Yesterday I visited for the first time Stonor Park, the home of Lord Camoys and one of the most famous rescusant country houses in England. I went on a visit organised by the Secretary of the Oxford University Heraldry Society and I am very grateful to her and her husband for providing me with transport and the opportunity to visit Stonor.


The journey was delightful with the trees and hedges of south Oxfordshire displaying a wondrous array of foliage, leaves of every shape and shade at their freshest and most varied. Stonor itself is hidden away in a valley in the edge of the Chilterns - off the beaten track even now, let alone in the recusant period.

StonorHouse.jpg

Stonor Park

Image:Maidendead.cc

Given the very serious doubts in the mid 1970s as to the survival of the house and its link with the family, who have lived there since at least 1156, the situation today is very positive. The present Lord and Lady Camoys have not only restored the building and created a garden, but have also redecorated the interior and they have refunished it, adding a fine bequest of furniture from a cousin to the rooms and showing to advantage the fine collection of family portraits.
  
The Stonor Park website can be seen here, and there are online accounts of the village here, of the house and its history here, and of the Camoys peerage, an early fifteenth century creation for a Sussex family, which passed through co-heiresses until called out of abeyance in 1839, here.

The late thirteenth century century chapel, which incorporates one of the stones of the standing circle which, along with the other glacial erratics around the valley, gave the place its name, has a brick tower built in 1416-17, the earliest datable brick building in the south-east, and the interior is an attractive example of Gothick from the 1790s. Mass has been celebrated there continuously since the chapel was built.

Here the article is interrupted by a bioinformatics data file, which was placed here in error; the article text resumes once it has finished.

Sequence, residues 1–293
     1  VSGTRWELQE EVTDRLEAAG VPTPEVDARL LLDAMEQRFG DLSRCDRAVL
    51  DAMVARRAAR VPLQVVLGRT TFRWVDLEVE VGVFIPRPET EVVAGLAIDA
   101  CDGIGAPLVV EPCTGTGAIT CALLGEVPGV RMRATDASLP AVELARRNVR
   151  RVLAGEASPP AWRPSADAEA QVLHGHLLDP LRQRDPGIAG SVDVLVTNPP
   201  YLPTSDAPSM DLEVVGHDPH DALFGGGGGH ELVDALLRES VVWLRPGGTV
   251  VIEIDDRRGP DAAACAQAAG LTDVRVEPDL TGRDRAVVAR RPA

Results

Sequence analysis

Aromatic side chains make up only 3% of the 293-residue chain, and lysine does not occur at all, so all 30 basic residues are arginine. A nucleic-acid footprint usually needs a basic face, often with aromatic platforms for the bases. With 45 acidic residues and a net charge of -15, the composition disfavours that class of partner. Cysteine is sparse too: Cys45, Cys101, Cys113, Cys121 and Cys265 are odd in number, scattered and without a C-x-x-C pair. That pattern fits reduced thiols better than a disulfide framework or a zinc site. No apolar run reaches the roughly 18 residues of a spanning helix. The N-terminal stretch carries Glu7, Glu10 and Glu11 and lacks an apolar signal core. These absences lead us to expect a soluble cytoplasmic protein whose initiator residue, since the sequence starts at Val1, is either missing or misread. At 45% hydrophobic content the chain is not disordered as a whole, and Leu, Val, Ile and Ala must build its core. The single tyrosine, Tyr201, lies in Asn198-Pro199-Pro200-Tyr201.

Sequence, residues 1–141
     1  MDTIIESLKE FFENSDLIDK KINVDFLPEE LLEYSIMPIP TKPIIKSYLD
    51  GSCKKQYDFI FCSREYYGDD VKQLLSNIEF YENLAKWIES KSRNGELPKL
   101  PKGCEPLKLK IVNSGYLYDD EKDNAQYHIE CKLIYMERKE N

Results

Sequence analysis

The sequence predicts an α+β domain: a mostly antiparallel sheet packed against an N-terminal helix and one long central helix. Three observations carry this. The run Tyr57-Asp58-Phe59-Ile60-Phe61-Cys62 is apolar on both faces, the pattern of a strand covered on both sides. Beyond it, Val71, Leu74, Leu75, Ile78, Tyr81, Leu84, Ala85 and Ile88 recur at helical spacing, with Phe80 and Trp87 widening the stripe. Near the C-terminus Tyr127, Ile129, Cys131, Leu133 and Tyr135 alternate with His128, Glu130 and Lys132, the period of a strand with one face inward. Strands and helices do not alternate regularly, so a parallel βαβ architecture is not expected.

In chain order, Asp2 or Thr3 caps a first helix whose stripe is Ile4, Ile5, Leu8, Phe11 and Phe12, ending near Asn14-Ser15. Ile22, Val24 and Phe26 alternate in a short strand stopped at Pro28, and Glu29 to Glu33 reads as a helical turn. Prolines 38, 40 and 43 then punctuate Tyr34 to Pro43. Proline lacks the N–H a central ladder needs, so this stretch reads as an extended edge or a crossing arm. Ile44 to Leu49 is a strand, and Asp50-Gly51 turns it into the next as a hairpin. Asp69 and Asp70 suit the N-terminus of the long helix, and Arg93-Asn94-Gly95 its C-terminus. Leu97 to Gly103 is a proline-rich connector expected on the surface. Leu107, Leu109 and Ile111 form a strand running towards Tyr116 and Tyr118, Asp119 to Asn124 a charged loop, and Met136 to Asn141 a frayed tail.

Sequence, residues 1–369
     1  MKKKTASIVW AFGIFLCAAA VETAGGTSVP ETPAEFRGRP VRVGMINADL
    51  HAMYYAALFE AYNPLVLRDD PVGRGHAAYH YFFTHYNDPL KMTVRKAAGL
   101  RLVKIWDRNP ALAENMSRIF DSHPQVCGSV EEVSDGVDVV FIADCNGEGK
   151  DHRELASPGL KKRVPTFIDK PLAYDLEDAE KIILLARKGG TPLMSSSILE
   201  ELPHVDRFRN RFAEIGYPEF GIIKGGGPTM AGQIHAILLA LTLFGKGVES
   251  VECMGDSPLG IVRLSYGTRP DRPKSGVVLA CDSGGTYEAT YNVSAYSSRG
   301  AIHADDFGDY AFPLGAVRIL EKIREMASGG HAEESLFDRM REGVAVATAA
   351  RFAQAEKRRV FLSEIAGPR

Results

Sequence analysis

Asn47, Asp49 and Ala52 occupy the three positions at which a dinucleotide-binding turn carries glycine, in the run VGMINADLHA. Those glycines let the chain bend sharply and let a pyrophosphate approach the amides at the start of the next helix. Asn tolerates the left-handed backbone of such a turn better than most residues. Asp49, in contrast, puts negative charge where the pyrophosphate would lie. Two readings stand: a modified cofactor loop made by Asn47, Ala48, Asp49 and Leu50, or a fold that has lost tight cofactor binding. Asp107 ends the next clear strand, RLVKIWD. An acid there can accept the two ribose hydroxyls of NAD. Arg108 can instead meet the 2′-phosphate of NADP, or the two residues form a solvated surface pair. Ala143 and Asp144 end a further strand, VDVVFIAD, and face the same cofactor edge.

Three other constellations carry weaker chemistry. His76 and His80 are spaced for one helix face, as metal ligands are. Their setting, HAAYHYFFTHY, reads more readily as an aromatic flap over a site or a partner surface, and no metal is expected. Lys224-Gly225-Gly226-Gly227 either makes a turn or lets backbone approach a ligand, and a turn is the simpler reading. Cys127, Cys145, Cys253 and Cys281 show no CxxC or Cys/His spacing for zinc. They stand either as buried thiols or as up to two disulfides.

Stonor Park: Chapel in the foreground

The Chapel of the Holy Trinity

Image:tripadvisor.co.uk


 

The interior of the Chapel 


Image;rural-setates.co.uk

Stonor is famous as the site of the recusant printing press which in June 1581 produced 400 copies of St Edmund Campion's Decem Rationes, which were left in St Mary's in Oxford as a surprise for those attending a University event that month - a typical example of St Edmund's bravado and verve. The room  whixch he is beleived to have used at Stonor is now furnished with an exhibition about him.

http://college.holycross.edu/projects/catholiccollecting/images/CHRatioOpen.JPG

One of the ten surviving copies of the Decem Rationes, now preserved at Campion Hall in Oxford

Image: college.holycross.edu


The full text of the Decem Rationes, with an introduction, including details of its printing at Stonor, can be read at "Ten reasons proposed to his adversaries for disputation ... and there is a translation at Campion Englished. Or A translation of the Ten reasons 

I thoroughly enjoyed my visit to Stonor, with its rich history, its very attractive interiors and furnishings, fine gardens and setting and good tea room, and would recommend it to anyone intersted in the past or in visting country houses.

 

Devotion to St George


Today is the liturgical commemoration of St George this year - but on that point do look at Fr Hunwicke's post S George??. To mark the feast of the national patron saint here are some late medieval English depictions of him. This was the period in which his cult was widespread and images of him must have been plentiful. However time and chance as well as religious and political upheavels have robbed us of most of them. Those which do survive are often damaged.